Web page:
How do you feel about getting honorary degrees?

Flanigan: I was telling Ross this morning (that) it takes a lot to excite me, because we've done about everything you can think of. But ..... (it) is the most exciting thing ..... in 20 years.

What happened 20 years ago?

Flanigan: Well, I forget her name.

What were the early years like?

Barbour: When we started the group, Hal Kratzsch had a Packard. He was the leader of the group because he had a car.

As we came on the road, the first few jobs were in Camden, Ark., and Savannah, Ga., and Sheboygan, Wis. Then my brother Don and I bought a Ford, a '36 Ford with a '41 engine in it and it didn't have a heater. It didn't have a windshield washer, either. And then one after the other, more cars were added to the group, and pretty soon there were four cars and four wives and five or six kids. There were seven or eight years when one of the wives was expecting at all times. The wives were traveling with us the first seven or eight years.

You were one of the early groups to perform mostly on college campuses. What was that like?

Flanigan: Sometimes we performed in a gym after a basketball game. A lot of the gyms that weren't finished had birds chirping. At one gym, people sat cross-legged on the gym floor and had to leave their shoes on the side. Halfway through the concert they got up to stretch. There were no seats. In North Carolina, we faced a hillside with people sitting on it. At the University of Texas, they had a huge bonfire.

Where's the worst place you performed?

Flanigan: When we played in Atlantic City, we were in the lounge and we had to do a noon show, a free show for people. We were where the buses came in. They'd give people $10 to gamble, buy 'em lunch, and they'd come down and lose their $10, have their lunch, and come back to the bus to sleep. It was right behind us.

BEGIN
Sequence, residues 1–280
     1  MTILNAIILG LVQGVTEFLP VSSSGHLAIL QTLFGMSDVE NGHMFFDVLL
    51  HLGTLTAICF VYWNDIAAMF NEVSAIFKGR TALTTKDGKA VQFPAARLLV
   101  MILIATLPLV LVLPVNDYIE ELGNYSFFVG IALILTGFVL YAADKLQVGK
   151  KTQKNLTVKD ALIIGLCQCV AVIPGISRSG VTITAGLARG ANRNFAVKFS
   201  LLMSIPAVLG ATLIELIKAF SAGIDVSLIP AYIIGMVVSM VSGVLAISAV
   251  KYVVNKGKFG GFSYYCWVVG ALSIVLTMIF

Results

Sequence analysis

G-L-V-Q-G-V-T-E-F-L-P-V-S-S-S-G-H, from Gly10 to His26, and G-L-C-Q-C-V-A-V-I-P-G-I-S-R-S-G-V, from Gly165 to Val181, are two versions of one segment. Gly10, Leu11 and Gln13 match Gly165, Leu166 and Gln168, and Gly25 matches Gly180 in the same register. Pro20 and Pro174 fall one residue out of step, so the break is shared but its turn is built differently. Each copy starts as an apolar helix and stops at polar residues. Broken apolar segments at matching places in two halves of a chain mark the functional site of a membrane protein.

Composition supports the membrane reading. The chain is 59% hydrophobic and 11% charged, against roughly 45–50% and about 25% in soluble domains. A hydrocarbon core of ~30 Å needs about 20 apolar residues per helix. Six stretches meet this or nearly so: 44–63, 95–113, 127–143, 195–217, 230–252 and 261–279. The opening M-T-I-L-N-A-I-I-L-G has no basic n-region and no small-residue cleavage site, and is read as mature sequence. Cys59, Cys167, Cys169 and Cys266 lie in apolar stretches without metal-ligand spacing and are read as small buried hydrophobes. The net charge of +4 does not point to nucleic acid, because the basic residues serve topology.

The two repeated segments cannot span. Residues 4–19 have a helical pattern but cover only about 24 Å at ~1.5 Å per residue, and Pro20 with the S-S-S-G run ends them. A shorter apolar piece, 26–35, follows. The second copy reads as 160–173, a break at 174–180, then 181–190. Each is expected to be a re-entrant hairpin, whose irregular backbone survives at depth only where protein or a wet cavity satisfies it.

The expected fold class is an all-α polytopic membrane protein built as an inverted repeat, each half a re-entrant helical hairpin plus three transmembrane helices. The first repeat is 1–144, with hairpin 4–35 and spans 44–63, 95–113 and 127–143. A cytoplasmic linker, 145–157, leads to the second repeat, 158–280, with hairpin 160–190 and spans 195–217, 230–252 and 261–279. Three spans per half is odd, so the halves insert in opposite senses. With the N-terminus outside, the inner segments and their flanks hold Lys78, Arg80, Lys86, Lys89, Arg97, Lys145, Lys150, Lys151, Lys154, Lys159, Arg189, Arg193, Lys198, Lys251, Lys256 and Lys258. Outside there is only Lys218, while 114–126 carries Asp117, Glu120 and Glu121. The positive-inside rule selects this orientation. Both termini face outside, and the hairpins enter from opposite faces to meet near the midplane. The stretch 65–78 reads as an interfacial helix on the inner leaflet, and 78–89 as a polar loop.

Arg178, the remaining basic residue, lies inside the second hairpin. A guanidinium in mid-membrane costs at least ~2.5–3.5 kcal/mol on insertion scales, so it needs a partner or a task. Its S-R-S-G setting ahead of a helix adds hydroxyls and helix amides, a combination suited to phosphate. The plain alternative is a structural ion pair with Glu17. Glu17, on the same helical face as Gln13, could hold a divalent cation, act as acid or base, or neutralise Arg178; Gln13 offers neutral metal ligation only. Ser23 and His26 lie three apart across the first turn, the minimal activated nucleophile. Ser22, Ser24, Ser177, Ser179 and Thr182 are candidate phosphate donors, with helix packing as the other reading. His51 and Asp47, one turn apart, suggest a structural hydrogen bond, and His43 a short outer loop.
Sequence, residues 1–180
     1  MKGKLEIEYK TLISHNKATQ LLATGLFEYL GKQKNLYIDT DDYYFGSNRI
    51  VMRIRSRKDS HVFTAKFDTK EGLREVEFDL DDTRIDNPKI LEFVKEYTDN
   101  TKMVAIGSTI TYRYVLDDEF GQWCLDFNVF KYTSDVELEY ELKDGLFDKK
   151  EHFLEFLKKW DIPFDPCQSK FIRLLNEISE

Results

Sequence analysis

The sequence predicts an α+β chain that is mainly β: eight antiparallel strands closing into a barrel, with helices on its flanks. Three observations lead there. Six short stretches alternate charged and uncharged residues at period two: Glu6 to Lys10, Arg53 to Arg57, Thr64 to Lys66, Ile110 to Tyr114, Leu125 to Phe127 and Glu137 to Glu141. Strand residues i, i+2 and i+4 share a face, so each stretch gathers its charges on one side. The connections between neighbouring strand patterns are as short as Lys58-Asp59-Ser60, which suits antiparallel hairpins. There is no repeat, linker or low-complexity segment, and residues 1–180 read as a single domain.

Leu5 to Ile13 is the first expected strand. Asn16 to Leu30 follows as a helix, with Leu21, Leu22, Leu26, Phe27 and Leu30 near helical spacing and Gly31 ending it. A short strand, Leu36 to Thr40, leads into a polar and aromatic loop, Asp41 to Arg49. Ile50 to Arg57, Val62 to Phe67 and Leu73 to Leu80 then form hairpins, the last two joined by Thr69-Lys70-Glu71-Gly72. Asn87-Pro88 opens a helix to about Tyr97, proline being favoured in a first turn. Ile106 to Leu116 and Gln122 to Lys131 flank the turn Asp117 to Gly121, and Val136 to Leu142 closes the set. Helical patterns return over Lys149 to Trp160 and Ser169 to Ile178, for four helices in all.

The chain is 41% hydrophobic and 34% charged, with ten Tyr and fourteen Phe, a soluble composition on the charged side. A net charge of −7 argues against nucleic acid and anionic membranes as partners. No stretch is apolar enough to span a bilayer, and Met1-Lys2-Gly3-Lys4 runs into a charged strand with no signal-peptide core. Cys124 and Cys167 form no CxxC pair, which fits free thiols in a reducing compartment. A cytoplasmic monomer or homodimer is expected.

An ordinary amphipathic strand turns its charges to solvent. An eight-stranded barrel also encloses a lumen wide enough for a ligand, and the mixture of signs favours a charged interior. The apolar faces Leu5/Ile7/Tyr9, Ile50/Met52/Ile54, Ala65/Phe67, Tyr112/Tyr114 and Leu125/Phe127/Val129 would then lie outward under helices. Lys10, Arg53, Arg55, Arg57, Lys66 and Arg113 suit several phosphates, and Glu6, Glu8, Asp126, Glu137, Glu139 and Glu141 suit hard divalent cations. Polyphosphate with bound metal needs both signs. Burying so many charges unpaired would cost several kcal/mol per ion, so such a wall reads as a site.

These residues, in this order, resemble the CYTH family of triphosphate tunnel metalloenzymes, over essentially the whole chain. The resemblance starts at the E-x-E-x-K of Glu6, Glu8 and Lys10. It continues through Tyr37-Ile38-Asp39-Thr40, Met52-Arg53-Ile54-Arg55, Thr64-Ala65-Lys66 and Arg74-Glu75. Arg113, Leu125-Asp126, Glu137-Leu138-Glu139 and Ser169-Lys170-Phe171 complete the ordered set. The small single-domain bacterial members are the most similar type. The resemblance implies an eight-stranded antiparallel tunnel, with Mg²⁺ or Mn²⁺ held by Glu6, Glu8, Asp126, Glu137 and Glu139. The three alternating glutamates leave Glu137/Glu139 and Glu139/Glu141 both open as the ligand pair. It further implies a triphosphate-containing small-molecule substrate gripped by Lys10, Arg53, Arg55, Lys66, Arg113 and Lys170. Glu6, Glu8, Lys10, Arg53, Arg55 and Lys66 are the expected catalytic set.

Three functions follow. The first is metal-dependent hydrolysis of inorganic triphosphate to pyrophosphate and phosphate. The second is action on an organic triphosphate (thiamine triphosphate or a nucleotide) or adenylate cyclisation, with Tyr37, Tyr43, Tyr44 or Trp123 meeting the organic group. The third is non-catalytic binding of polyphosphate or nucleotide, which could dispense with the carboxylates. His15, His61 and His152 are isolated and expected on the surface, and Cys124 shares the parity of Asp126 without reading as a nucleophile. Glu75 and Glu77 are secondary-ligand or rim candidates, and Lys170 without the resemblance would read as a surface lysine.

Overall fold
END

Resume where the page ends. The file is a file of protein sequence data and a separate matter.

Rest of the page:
Other groups from the '50s were more successful than you. The Four Aces, the Kingston Trio and so on... does that bother you?

Flanigan: We weren't thinking about being terribly successful. We were just thinking about what we liked. The first six or seven years, we made very little money, but that wasn't the point.

How did you get interested in music?

Flanigan: When I was a kid, I used to hitchhike up here when they had the big bands at the Circle Theatre. ..... One time I was up here for the Tommy Dorsey band. Tommy had an awful temper. That's common knowledge. Anyway, it was a tune called "Mairzy Doats," which was the worst piece of music you ever heard. Well, some guy kept bugging Tommy, "Hey, Tommy, play Mairzy Doats," and he'd say we don't do that. Well, this guy kept doing it, so Tommy took his mouthpiece out and threw it at the guy. I was hoping it would get close to me so I could say I had a Tommy Dorsey mouthpiece.